Right now in my room I have many books written by the Korean Buddhist monk named the Venerable Beopjeong. His books are very popular in Korea, and I like to read them often because his elegant writing reflects his heartfelt passion and integrity. He was someone who “practiced what he preached.”
The late Venerable Beopjeong taught about a life of “honest poverty.” Honest poverty means choosing to live in a simple, clean, upright way with few possessions. In his best-known book, Non-possession, the Venerable Beopjeong wrote, “When you do not own anything, you actually own everything in the world.” Despite the fact that this book sold over 3 million copies since it was published in 1976, and the Venerable Beopjeong generated income from it and his other works, he still lived his principle of honest poverty. He never took high-profile positions in Buddhist society, and lived alone in remote places most of his life.
Although I love and respect the Venerable Beopjeong and the lifestyle of honest poverty he chose, I also feel that there is value and meaning in a life of “honest wealth.” Wealth that is acquired through honest means in harmony with the rest of society has merit, not just for the individual generating it, but for everyone.
For example, the affluent Choi family of the South Korean province of Gyeongju has lived in honest wealth for 12 generations, or about 300 years. They are well-known in Korea because it’s rare anywhere in the world for one family to sustain their wealth for so long. But they are also known for the firm and conscientious philosophy that guides how they acquire their wealth and what they do with it.
The Choi family consistently follows six family standards for a life of honest wealth. One of these six standards is that in lean years they do not increase their assets, showing they are wise and not greedy. Another is that they have to make sure that no one starves to death within a 30 mile radius of their family home. In other words, the Choi family does not make money at the expense of others and are conscientious about the people around them.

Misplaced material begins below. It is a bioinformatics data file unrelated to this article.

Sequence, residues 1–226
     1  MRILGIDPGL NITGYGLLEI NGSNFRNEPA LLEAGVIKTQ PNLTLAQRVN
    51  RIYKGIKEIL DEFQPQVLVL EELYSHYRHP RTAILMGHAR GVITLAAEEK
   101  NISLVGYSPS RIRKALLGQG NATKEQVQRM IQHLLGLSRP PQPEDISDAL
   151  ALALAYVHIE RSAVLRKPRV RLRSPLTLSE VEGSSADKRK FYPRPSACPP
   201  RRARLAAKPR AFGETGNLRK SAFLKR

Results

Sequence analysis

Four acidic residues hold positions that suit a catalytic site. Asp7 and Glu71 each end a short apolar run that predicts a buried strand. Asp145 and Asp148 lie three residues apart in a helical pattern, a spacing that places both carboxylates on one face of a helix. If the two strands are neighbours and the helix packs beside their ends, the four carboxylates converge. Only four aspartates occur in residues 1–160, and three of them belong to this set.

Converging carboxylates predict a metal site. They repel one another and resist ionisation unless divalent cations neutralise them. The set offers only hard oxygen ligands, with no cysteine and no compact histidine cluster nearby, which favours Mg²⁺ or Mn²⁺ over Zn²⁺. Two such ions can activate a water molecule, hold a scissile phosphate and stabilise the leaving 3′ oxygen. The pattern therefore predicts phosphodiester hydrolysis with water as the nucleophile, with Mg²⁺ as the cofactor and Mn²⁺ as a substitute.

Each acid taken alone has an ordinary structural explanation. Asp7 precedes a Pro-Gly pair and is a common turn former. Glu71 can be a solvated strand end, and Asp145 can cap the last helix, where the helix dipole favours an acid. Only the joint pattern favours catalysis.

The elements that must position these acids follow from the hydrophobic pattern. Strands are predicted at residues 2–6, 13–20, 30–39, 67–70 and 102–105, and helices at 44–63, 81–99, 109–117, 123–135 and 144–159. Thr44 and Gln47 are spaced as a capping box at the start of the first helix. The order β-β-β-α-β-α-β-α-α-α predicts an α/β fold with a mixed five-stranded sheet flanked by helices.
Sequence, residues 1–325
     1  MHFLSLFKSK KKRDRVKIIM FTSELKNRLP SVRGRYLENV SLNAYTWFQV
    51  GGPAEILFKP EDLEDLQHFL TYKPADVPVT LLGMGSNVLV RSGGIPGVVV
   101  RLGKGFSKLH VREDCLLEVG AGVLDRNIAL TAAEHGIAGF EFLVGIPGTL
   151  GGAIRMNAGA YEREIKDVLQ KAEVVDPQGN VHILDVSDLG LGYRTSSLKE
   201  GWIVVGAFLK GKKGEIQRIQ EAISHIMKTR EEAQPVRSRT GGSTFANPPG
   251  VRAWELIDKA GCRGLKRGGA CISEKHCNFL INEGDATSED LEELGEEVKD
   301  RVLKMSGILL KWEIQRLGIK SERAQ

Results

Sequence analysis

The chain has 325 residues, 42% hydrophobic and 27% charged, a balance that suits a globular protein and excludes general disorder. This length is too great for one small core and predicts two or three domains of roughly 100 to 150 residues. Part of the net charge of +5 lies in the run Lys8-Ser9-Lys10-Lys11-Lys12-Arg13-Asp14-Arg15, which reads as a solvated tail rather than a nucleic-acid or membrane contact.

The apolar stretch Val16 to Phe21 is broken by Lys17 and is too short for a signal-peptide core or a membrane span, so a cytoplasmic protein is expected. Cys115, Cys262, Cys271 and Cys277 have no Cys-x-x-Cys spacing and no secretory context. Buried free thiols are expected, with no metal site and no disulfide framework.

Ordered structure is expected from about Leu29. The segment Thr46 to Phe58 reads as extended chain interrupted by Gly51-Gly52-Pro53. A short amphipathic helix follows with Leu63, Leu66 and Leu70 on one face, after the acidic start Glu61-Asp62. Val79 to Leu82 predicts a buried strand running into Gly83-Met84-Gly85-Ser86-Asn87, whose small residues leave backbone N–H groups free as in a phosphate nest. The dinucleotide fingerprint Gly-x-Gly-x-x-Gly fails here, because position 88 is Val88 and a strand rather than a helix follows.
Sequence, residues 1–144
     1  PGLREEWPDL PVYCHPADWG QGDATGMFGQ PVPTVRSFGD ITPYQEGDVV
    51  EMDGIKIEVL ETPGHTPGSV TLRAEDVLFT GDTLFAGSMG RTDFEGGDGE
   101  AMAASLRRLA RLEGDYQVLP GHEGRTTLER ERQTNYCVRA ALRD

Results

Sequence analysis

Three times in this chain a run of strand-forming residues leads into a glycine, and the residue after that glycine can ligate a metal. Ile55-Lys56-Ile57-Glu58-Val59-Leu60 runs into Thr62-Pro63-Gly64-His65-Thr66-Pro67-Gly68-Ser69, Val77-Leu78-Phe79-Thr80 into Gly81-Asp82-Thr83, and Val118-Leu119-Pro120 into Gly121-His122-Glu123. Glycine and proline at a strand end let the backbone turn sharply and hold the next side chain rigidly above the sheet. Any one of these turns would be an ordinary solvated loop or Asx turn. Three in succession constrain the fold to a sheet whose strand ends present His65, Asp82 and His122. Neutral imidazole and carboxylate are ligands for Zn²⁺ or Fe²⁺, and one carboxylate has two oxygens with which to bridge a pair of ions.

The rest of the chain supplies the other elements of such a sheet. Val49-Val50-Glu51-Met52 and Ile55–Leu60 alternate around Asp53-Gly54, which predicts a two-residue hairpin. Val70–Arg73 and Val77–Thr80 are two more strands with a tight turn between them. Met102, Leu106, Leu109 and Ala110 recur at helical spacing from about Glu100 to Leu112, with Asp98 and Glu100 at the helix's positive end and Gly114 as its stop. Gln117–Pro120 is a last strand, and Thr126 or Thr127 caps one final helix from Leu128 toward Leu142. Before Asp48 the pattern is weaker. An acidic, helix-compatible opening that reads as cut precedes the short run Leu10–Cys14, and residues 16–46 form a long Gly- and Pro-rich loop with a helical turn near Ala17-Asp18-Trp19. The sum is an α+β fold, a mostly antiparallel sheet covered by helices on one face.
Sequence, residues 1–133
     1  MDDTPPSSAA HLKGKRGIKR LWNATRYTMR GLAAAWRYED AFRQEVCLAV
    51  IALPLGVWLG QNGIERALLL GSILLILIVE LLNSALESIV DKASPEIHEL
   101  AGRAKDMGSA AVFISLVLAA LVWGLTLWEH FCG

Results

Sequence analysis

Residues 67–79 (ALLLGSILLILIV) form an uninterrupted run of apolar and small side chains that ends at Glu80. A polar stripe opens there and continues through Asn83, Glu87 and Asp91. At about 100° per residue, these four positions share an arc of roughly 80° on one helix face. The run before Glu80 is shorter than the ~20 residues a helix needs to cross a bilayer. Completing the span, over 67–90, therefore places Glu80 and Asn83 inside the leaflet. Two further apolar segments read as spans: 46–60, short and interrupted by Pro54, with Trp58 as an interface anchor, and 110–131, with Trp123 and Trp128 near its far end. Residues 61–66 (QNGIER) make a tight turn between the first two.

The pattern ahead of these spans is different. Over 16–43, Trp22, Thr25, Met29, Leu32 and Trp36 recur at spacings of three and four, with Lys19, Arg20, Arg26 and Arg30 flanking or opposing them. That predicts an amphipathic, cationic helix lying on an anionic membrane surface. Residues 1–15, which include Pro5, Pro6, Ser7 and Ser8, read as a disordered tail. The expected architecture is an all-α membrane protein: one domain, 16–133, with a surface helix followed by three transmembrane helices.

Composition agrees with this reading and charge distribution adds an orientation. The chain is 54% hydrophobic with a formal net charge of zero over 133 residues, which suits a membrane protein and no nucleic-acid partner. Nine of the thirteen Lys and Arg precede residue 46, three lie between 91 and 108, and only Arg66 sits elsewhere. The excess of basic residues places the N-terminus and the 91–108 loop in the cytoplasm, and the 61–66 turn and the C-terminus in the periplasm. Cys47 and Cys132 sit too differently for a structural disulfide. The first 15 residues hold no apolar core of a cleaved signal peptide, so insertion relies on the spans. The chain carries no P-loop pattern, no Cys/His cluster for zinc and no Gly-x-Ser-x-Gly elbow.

I think that the Choi family can be a good model for the many young people and entrepreneurs of today who dream of success. They demonstrate a way of living with abundance, honesty, integrity, and civic mindedness. But young ambitious people shouldn’t stop at being honestly wealthy individuals. They should also create honestly wealthy families and corporations. I think that the more honestly wealthy families and corporations we have, the better off society will be.
However, today’s young people should know that you cannot live a life of honest wealth without understanding the mindset of honest poverty. On the other hand, if you do not understand honest wealth and you insist on only understanding and experiencing honest poverty, there will be certain limitations to your changing society for the better. Those who generate honest wealth with the mindset of honest poverty are the best positioned to be models of Hong Ik—basing one’s life on the value of benefiting all humanity.
Actually, to me, having that value is more important than whether you have many possessions or not. A meaningful, fulfilling life—a Jangsaeng life—is about choosing your values and principles, and then living a life that’s in line with those principles. If you respect the idea or intention of a life of honest poverty or honest wealth, but then don’t incorporate that intention into your everyday life, what good is that? It’s like praying without taking action.
Both the Venerable Beopjeong and the Choi family of Gyeongju Province lived a Jangsaeng life in their own way. I hope there will be many people who will follow their example and actualize honest wealth with the mindset of honest poverty so they can share their blessings widely.